Why Smallmouth Bass Is One Of The Most Dangerous Fish In The Country

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The smallmouth bass is at the top of the list of the most popular fish species in America. Although below the range of largemouth bass, America more popular game fish – they are still available to millions of anglers. From the Great Lakes in the north to the deep reservoirs of south-central creeks, from the northeast to the mighty rivers of the Pacific Northwest, “bronzebacks” have become standouts in many regional fishing cultures. Because of this, it’s easy to forget that they don’t belong in most places we catch them.

Of course, the same can be said for our beloved largemouth, walleye, and brown and rainbow trout. These brown trout came from Europe and would never have occurred here naturally. Rainbows were only native to the Pacific Northwest; Bigmouth is only native to the Southeast and Midwest (Florida to southern Minnesota). As for the smallmouth, it was originally native to the Great Lakes and Ohio River watershed in the United States, but has spread naturally throughout the entire Mississippi basin. Everywhere else they are found, someone put them there at some point in history – or at least put them somewhere nearby and they spread and expanded their range on their own.

Original smallmouth native range, in orange. USGS

Small Mouth in the Grand Canyon

That’s not to say that fish transplantation is a bad thing, as it has created huge fisheries across the country, which in turn have boosted everything from tackle sales to motel room rentals to the paychecks of biologists working in hatcheries. For the most part, restocking and transplanting fish are well-calculated efforts, but problems arise when transplants end up in waters where they are not supposed to be. And despite our general love for the smallmouth bass, the reality is that they are one of the most destructive and disruptive fish in the country, causing more concern in many areas than even the dreaded invasives. such as snakeheads and Asian carps.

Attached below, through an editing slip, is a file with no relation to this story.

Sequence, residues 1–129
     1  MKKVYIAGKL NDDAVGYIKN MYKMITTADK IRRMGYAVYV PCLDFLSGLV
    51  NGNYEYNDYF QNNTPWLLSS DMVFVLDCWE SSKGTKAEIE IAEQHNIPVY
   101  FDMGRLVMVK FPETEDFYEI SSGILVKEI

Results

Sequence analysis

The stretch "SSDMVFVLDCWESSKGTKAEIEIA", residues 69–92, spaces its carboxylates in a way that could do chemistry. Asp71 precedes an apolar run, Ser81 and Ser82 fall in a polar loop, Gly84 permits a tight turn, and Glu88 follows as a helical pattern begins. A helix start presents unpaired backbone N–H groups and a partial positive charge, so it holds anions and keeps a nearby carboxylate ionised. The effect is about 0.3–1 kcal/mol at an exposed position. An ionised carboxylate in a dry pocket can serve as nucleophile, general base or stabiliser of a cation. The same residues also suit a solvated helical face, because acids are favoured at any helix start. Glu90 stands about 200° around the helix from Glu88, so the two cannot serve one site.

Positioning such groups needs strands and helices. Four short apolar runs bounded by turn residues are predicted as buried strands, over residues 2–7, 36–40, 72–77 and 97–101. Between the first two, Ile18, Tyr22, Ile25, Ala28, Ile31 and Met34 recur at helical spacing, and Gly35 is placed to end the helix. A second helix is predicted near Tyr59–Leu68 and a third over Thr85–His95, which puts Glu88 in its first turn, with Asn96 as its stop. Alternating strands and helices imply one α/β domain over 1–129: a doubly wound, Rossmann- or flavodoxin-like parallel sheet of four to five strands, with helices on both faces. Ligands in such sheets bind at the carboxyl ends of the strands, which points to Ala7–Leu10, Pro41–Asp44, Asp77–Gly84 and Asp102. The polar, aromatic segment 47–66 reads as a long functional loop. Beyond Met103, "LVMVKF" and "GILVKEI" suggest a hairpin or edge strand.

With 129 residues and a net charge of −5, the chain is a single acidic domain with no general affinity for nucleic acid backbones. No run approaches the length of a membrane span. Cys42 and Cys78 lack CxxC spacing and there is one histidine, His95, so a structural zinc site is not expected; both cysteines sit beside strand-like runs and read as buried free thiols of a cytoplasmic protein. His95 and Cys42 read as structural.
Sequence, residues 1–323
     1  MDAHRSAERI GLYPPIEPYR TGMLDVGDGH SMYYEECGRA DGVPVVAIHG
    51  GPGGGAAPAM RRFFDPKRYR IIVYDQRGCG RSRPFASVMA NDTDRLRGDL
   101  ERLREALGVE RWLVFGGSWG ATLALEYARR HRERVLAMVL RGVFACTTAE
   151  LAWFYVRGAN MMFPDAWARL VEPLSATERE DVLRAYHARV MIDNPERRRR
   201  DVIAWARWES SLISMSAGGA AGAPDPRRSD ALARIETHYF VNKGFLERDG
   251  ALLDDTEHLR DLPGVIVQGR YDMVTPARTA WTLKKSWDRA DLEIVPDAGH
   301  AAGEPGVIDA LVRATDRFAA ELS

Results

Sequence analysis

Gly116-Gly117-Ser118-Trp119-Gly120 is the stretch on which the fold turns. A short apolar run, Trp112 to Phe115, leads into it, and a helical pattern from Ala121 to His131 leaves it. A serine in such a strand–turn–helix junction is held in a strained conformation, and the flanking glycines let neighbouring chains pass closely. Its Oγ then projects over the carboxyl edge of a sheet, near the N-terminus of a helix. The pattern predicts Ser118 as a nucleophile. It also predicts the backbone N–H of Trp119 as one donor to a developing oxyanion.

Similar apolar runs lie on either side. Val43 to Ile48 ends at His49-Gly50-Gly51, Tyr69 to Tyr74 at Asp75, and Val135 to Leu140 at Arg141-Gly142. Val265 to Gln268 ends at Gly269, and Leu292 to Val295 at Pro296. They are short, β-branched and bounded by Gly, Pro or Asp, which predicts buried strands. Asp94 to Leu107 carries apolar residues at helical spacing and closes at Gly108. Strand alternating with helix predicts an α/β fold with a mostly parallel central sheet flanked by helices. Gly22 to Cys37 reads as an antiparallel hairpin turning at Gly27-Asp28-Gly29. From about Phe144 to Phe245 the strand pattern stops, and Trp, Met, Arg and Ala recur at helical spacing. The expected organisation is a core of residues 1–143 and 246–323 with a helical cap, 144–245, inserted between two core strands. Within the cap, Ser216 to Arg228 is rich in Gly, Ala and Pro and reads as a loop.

More recently, smallmouth bass is creating a major concern in Arizona. According to this story on Azcentral.com, the smallmouths, along with several other non-native species, were stored decades ago in Lake Powell, which is an impoundment of the Colorado River. The transplants took place to stimulate recreational angling on the lake and have been very successful in doing so. For years all was well, but a combination of recent droughts and overuse of the Colorado as a commercial water source created problems. As the story goes, “The Southwest’s thirst for the drying river is pushing a difficult aquatic environment out of whack.”

Lake Powell is held back by the famous Glen Canyon Dam, and every day the water level behind it drops lower and lower. Biologists worry that the reduced flows will make it more likely that small vents will pass through the turbines, and if that happens, it will introduce small vents into the Grand Canyon. Biologists fishing the lower end of Powell regularly catch small mouths near the dam. A handful of bass caught in the riparian swamps below the dam suggest it may already be too late.

What’s at stake?

If the Smallmouths take up residence in the Colorado River below Glen Canyon, it could spell the end of many native species that biologists are already scrambling to protect — they’re trying to preserve the legacy of the Grand Canyon ecosystem. In particular, fisheries managers fear that the small species could completely wipe out the native population of humpback chub, a species that has only recently moved from endangered to threatened.

Arizona has already put a bounty on brown trout below the dam for the same reason, but the trout won’t venture too far below the dam and the cold water it discharges. Small mouths are a kind of hot water that can and wants to settle where it wants.

Part of the reason anglers love smallmouths so much is their voracity, and it might be easy to say, “who cares about some chub?” The reality is that transplanting has disrupted native species like the humpback chub across the country. It’s just that we tend to treat fish we can’t or can’t target with a rod and reel as expendables. What if smallmouths threaten one of the most famous trout fisheries in the world? That’s what happened in February when cubs were captured in Montana’s Gardner River, a tributary of the Yellowstone at the gates of Yellowstone National Park.

Then there’s Maine, which has spent countless time, money and resources trying to eradicate stray bass from systems that support wild trout breeding. Eradication efforts are also underway in Manitoba, Oregon, ponds in Montana…I could go on.

The lesson here is that just because a fish is deeply embedded in our national fishing culture doesn’t mean more is always better. Likewise, the popularity of a fish should not allow us to ignore the problems it can cause. Most of us wouldn’t mind catching a nice little mouth in a stream or river where you’ve never caught one before, but it might actually be cause for concern.

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